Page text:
City Door in Tucson, AZ with Reviews -
Book appointments, post photos, and write reviews.Open in YP App

Temporary Error.

Please try reloading the page.

By: Maria R.
Apex Windows & Bath Accessories, ACC
Had work done by apex. They were the only company out of the 4 quotes that actually cared about my time. The others were all hard pressure.The work they did was clean and well done. We have seen there work with our neighbors and would suggest them to all.
By: Connie S.
Open Doors
Joe, started out helpful. He was doing multiple jobs. Soon he was taking over a week to finish a job. I had to babysit. The last job he over charged and did not finish. Dark paint smeared. He left a hole in the side of my house. They also destroyed part of my green house and a table. Do not use him. He is not trust worthy. I am going to call BBB.
By: David E.
Apex Windows & Bath Accessories, ACC
Apex windows replaced a window that had a scratch, however replaced it with another scratched. they would not honor the scratch glass. They also missed five appointments and not once called the customer. i highly would not recommend to use this company. They have poor customer service. There excuse was they fired two employees, if that is true there is something wrong. At the moment i am going through the Contractors of Registrar to deal with the issue. if you consider this company, do your homework, call them feel them out. have them come out, if they do! Very poor company. no professionallism, owner **** is way over his head. -
Tips & Advices
Basic screen-door fixes can be pretty cheap, and most can be DIY fixes. Replacing a door closer can cost less than $15. Door hinges and latches are usually less than $10, unless you are getting really fancy. You’ll probably only need a basic screwdriver and possibly some screws or shims. Replacing the mesh can be more difficult, so weigh the value of mesh replacement vs. full door replacement when considering the actual screen replacement.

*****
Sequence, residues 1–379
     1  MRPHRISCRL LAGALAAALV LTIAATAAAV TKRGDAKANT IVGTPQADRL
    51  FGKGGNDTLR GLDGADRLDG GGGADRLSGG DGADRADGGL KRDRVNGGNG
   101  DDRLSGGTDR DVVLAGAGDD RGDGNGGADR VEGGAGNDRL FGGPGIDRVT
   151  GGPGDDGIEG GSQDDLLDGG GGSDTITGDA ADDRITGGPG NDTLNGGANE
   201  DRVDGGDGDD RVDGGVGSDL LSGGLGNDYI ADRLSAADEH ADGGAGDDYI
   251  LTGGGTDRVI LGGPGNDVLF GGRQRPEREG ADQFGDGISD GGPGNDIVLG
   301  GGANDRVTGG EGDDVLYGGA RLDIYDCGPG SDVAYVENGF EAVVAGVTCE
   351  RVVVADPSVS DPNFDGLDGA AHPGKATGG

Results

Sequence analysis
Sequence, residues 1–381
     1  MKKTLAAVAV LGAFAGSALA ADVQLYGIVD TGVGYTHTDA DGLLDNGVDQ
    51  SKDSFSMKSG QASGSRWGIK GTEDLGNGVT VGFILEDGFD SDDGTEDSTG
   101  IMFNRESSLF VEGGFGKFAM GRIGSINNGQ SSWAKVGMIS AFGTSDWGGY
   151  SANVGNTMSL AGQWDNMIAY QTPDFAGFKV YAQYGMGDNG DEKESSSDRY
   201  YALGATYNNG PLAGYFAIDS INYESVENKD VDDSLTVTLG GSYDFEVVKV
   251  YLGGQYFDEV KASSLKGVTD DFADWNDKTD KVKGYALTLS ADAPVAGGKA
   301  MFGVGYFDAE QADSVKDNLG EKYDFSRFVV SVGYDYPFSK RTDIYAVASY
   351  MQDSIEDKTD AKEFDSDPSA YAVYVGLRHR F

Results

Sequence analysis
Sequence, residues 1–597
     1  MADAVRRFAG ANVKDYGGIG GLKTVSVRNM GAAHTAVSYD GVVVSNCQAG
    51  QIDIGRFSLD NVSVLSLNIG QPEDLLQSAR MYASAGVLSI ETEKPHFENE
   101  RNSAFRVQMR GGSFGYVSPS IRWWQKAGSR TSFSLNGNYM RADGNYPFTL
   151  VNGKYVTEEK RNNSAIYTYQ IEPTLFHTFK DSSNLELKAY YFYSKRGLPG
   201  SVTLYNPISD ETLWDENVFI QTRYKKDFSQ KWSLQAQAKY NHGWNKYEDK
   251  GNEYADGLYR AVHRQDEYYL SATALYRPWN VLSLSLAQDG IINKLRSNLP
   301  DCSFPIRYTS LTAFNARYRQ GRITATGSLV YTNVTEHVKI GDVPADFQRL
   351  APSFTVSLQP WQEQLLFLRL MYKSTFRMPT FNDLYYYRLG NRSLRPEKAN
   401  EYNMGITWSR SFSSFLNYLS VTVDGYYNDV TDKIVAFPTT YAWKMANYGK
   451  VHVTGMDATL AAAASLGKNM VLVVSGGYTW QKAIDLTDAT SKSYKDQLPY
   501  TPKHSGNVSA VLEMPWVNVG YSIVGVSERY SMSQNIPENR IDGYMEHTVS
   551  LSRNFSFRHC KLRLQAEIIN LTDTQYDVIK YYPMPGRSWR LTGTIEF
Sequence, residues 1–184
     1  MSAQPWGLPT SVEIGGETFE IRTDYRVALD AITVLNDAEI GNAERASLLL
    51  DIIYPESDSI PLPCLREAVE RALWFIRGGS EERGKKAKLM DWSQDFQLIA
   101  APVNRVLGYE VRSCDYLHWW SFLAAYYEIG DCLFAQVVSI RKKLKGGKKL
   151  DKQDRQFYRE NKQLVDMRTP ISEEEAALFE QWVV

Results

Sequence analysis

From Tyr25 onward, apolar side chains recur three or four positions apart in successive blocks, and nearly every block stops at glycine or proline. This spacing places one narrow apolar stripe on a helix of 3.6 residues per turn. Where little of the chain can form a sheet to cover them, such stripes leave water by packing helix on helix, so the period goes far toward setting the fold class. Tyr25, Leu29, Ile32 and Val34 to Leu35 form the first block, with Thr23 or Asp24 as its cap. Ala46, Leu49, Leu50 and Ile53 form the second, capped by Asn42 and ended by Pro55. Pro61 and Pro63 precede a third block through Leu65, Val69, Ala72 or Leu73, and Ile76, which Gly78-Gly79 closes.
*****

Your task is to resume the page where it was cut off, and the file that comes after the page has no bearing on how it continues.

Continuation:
Screen door installation, for a standard swinging door (not a sliding screen), is relatively inexpensive. Depending on your area, expect to pay $50-$100 for installation costs. The doors themselves are usually inexpensive and can be as low as $40 (beware of the quality). If you are handy around the house, installing a screen door can be a great DIY opportunity.
A screen-door closer, or a pneumatic cylinder, is a device connecting the screen door to the door jamb. It is usually located at the top of the door and is designed to close the screen door automatically after opening. They can be easily adjusted to quicken or slow the door’s closing speed.
To stop a screen door from slamming shut, adjust the door closer, usually located at the top of the door. There is a cylinder inside the door closer that controls how fast or slow the door closes, and it is usually adjustable with a simple screw driver. If adjusting makes no difference, the door closer might be faulty and need replacing – a low-cost DIY project that requires minimal time and tools.
The most common cause of a sagging screen door is loose or worn hinge screws that attach the screen to the door frame. If they are loose, you can tighten them yourself. A loose latch between the door and the door frame is also a common cause of sagging. Again, check the screws and tighten them up if they’re loose.

Just a moment...